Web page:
When it comes to the state’s most popular and biggest revenue-producing high school sports — football and boys’ basketball — it’s time we accept the fact that Chattanooga has become the pesky little brother to the rest of the state.
Before we even reached the semifinals of another state basketball tournament this week, the two local teams in Class AA (Howard) and AAA (Ooltewah) were back home, both with double-digit losses.
While we have had nine boys’ basketball teams win state championships or finish as runners-up in Class A in the last 10 years, no boys’ team from Hamilton County has played for a title in AA or AAA in 15 years. Brainerd is the last local boys’ program to win a championship (1992) and reach a title game (1997) in any classification higher than Class A, making this by far the longest title drought our county has had since the TSSAA began its three-classification system in 1976.
Howard has reached the AA state tournament five times in the last six years, but it has been 30 years since a school in Hamilton County (Kirkman) played in the AA title game.
The picture isn’t much brighter in football locally, since Red Bank is the last team to reach a football title game in any class higher than 2A in more than a decade. Even baseball has seen a 25-year dry spell since Central won a title in the largest public-school class.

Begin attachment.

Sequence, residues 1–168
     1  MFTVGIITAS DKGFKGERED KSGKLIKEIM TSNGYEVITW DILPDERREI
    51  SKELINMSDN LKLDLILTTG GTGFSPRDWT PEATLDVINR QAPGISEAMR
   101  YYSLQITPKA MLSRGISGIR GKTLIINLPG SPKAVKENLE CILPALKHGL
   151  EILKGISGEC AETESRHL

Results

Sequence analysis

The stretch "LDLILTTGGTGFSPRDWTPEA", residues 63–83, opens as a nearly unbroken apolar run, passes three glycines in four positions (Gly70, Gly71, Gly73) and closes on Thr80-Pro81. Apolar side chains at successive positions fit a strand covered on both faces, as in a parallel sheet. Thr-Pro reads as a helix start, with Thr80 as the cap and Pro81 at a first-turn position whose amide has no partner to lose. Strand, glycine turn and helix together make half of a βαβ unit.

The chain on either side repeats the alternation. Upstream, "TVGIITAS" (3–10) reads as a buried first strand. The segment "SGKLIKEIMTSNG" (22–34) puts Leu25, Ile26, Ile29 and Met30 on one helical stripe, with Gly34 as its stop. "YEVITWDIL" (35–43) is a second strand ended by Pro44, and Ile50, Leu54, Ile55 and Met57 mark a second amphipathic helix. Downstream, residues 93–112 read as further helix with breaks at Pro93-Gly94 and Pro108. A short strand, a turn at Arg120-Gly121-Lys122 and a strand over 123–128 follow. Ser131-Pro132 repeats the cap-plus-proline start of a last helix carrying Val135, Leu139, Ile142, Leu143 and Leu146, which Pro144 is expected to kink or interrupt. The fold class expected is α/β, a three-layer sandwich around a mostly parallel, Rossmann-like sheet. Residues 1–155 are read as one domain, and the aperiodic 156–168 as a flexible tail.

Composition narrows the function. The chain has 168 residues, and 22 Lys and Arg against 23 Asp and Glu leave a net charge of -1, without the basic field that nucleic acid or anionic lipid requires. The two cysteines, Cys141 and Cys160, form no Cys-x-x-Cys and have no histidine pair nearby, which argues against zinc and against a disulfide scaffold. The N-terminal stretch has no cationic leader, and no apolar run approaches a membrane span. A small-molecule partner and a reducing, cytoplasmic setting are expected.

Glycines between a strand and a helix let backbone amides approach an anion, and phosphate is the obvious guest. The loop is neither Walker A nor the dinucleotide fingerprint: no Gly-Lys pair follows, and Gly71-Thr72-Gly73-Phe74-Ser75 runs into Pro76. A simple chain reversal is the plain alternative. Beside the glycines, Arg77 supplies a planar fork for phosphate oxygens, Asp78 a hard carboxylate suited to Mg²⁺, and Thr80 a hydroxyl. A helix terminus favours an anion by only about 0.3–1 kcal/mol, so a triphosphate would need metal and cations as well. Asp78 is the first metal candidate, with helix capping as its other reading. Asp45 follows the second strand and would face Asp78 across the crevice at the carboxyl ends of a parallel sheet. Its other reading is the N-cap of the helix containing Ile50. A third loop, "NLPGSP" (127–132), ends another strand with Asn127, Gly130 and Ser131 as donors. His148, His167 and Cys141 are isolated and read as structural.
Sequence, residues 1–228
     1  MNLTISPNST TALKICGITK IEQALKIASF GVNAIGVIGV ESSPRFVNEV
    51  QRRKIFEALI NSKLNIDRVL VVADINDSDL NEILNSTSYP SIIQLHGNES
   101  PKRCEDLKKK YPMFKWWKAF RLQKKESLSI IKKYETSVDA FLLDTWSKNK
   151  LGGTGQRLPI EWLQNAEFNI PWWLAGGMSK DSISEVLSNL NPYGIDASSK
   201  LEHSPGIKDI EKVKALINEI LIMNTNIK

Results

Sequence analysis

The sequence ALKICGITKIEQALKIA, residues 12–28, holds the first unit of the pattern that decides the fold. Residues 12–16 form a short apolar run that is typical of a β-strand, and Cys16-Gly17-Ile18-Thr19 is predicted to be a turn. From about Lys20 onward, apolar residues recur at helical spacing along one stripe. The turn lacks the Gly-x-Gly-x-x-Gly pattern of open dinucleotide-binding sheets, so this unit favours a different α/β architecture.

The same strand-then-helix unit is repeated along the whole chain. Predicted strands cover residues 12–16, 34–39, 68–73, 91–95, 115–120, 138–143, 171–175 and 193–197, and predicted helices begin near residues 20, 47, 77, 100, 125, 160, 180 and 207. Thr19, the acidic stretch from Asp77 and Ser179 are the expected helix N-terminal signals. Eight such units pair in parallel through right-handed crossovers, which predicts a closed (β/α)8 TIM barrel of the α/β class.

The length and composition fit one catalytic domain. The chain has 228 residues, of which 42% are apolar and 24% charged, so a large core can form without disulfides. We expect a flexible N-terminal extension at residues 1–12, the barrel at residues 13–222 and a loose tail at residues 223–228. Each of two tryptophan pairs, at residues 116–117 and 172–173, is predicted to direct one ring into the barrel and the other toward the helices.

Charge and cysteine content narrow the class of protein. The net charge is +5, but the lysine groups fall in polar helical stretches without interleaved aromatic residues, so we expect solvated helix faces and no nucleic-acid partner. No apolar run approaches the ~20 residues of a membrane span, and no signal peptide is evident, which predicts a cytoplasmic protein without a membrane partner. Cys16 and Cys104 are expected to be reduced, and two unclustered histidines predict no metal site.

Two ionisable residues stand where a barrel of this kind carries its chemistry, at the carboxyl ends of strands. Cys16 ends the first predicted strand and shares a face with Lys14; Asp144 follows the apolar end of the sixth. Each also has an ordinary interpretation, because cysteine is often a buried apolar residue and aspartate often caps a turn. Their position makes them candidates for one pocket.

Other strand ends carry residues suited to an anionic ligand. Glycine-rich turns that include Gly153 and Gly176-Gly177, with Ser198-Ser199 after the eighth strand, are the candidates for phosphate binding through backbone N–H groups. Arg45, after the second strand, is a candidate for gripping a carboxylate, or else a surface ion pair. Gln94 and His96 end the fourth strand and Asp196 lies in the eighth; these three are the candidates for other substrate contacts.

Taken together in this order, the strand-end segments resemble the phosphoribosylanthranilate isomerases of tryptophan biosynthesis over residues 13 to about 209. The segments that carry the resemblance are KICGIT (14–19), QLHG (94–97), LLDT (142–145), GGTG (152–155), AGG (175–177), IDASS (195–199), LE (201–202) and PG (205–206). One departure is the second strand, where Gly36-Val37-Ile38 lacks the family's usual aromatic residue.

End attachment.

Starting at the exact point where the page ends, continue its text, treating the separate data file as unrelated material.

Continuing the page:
We might as well embrace our identity and support the area small-school teams, because those are the only serious contenders for the foreseeable future. And the reason for that is simple: There are too many options, too many high schools in Hamilton County. Compared with the state’s other major metro areas — Memphis, Nashville and Knoxville — our best local athletes are now so scattered that the talent pool is too shallow to support being competitive in the large-school classes.
Davidson County (Nashville) has nearly double the population of Hamilton County, while Shelby (Memphis) triples our population and Knoxville has roughly 100,000 more residents, but Hamilton County has exactly the same number of Class A programs as those three counties combined. Nine of the 26 public and private secondary schools in Hamilton County compete in the TSSAA’s smallest classification, including seven with enrollments of around 300 students or fewer. There have been six new Class A schools to open their doors in the last decade.
In this economy, not many families can afford the tuition at Baylor, McCallie and GPS, but we are now the state’s ground zero for less expensive, small private schools and Class A public schools.
And while the local area is still dominant in the larger classes in wrestling and softball, 23 Memphis schools have played in the Class AA and AAA basketball finals since our last representative, and the Knoxville/Maryville area dominates football with 23 state championships since Red Bank’s 2000 championship.
So while we can celebrate individual accomplishments and local league championships and continue claiming state titles in the small classifications, with the collection of athletes it takes to compete against the state’s top large schools, our lack of success in those classes likely will continue.
Stephen has covered local sports in the tri-state area for more than 23 years, having been with the Times Free Press since its inception, and has been an assistant sports editor since 2005. Stephen is among the most decorated writers in the TFP’s newsroom, winning numerous state, regional and national writing awards, including nine in the last two years. He was named one of the top 10 sports writers in the nation at the Associated ...